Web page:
Learn about separate and marital property in a divorce, and how the state you live in can make all the difference in deciding who gets what.
In a divorce, dividing up property can easily become a major bone of contention. Many couples are surprised that, more often than not, the name on the title to the property doesn't control which spouse gets to keep that asset. Instead, ownership of the spouses' property after the divorce will depend on whether:
the assets are considered one spouse's separate property or the couple's marital property, and
the couple lives in an "equitable distribution" state or a "community property" state.
What Is Marital Property and What Is Separate Property?
Generally, marital property is anything that you or your spouse earned or acquired during your marriage. (In some states that means before you were separated, while in others it means before you were divorced.)
Depending on your state, marital property may include any of the following types of assets, as long as they meet the "when acquired" rule:
your primary home, vacation homes, and all other real property such as business and investment properties
bank accounts, stocks, and bonds
partnership interests and business assets
pensions, profit-sharing plans, stock options, and other retirement and employment benefits
household items like clothing, furniture, jewelry, and art
vehicles, including aircraft and watercraft
life insurance policies, and
lottery winnings (based on a lottery ticket purchased during the marriage, even the winnings were paid out later).
The title to the property isn't always relevant. So, for instance, you might put an asset (including a bank account where you deposit your earnings during your marriage) in your name alone, but that won't disqualify it from being considered marital property.
Separate property belongs only to one spouse. Although there are some differences in state rules, there are some categories of separate property that are pretty much universal. Some of these are:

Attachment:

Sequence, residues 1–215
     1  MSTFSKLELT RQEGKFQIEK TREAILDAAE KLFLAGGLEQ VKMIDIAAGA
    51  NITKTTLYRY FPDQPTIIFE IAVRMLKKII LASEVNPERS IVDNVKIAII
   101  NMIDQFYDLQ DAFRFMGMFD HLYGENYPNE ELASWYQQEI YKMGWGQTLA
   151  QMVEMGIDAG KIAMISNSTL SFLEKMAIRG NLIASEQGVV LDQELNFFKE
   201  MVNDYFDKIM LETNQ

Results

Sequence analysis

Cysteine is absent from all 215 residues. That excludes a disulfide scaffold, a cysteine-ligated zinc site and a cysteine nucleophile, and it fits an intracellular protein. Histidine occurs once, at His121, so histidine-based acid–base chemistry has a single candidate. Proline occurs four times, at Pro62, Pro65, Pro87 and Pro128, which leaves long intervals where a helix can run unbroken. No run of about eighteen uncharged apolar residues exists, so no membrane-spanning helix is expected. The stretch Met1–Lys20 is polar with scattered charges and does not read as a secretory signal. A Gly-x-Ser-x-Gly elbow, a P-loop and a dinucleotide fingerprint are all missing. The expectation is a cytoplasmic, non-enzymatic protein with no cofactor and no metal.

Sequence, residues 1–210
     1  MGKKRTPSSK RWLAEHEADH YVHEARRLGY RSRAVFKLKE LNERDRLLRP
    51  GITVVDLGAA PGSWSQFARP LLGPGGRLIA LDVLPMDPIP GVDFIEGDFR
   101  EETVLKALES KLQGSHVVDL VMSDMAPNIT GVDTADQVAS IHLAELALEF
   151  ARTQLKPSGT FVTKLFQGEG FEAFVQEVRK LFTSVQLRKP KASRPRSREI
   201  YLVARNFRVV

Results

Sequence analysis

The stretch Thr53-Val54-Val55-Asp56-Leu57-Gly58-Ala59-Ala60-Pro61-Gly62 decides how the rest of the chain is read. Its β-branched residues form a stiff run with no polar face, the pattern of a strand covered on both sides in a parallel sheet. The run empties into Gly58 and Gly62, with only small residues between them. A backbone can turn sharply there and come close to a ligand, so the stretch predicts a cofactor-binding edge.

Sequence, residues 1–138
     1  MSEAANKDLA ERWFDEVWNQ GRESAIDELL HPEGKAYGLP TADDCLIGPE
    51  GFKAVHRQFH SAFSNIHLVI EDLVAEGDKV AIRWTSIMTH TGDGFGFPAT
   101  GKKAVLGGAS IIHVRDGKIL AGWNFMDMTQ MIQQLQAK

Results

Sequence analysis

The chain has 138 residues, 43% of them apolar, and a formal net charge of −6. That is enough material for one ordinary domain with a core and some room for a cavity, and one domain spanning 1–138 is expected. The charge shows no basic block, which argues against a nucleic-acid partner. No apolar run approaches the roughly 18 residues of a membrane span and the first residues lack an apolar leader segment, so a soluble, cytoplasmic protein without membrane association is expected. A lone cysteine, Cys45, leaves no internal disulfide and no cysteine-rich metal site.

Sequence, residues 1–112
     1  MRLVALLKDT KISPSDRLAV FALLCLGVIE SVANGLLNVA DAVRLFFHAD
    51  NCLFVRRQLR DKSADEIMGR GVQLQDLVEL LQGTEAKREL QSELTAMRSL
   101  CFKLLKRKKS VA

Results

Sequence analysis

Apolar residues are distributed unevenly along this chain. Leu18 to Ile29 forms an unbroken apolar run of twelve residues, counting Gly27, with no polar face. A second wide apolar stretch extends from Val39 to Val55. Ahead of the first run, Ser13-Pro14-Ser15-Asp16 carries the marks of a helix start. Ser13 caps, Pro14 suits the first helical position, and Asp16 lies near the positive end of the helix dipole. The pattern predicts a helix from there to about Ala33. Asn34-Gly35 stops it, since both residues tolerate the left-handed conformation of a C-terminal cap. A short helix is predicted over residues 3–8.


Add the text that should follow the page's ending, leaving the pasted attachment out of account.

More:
property that one spouse owned before the marriage
gifts or inheritances that one spouse received, either before or during the marriage
property that the spouses have agreed (in writing) is separate, usually through a legally valid prenuptial or postnuptial agreement, and
the portion of certain personal injury awards meant to compensate for the injured spouse's pain and suffering, as opposed to reimbursement for medical expenses or other financial losses during the marriage.
Can Separate Property Become Marital Property?
Separate property can change into marital property in some circumstances. Usually this happens when separate property has been mixed (or "commingled") with marital property. For example, let's say Spouse A had a $20,000 certificate of deposit before the marriage. Usually that would be considered Spouse A's separate property and wouldn't be part of the property distribution when the couple divorced. But if Spouse A deposited the proceeds of that CD into a joint account with Spouse B during their marriage, the CD funds would no longer be Spouse A's separate property, because they were commingled with joint funds.
Sometimes a portion—but not all—of separate property can become marital property.
You find this most often in situations where a spouse made contributions that increased the value of the other spouse's separate property. For example, say that Spouse A owned a house before getting married and never put Spouse B's name on the title. So far, separate property. But during the marriage, the couple used marital funds to make improvements to the house. Although that's generally not enough to convert the house to marital property, Spouse B might be entitled to some of the increase in the house's value attributable to the improvements.
In many cases where a couple is fighting over property in their divorce, a judge will have to look closely at the specific facts and decide whether the assets are separate or marital property, under that state's rules.
How Is Marital Property Divided in Divorce?
Once it's clear which assets are separate property and which are marital property, the marital property will then be divided between the spouses under their state's laws.
There are basically two different methods states use to divide marital property: under "equitable distribution" or "community property" rules.
Equitable Distribution of Marital Property
The vast majority of states use the rule of equitable distribution. In a nutshell, the judge will divide all of the couple's marital property (and allocate their marital debts) based on the judge's decision as to what is fair to both spouses under the particular facts of each case. Because of this case-by-case approach, it's important to note that "equitable" doesn't necessarily mean equal (a 50-50 split).
Each state has its own guidelines for judges to follow when deciding how to distribute property equitably. Some of the more common factors include:
how long the marriage lasted
each spouse's age and physical and emotional health
any income or property either spouse brought into the marriage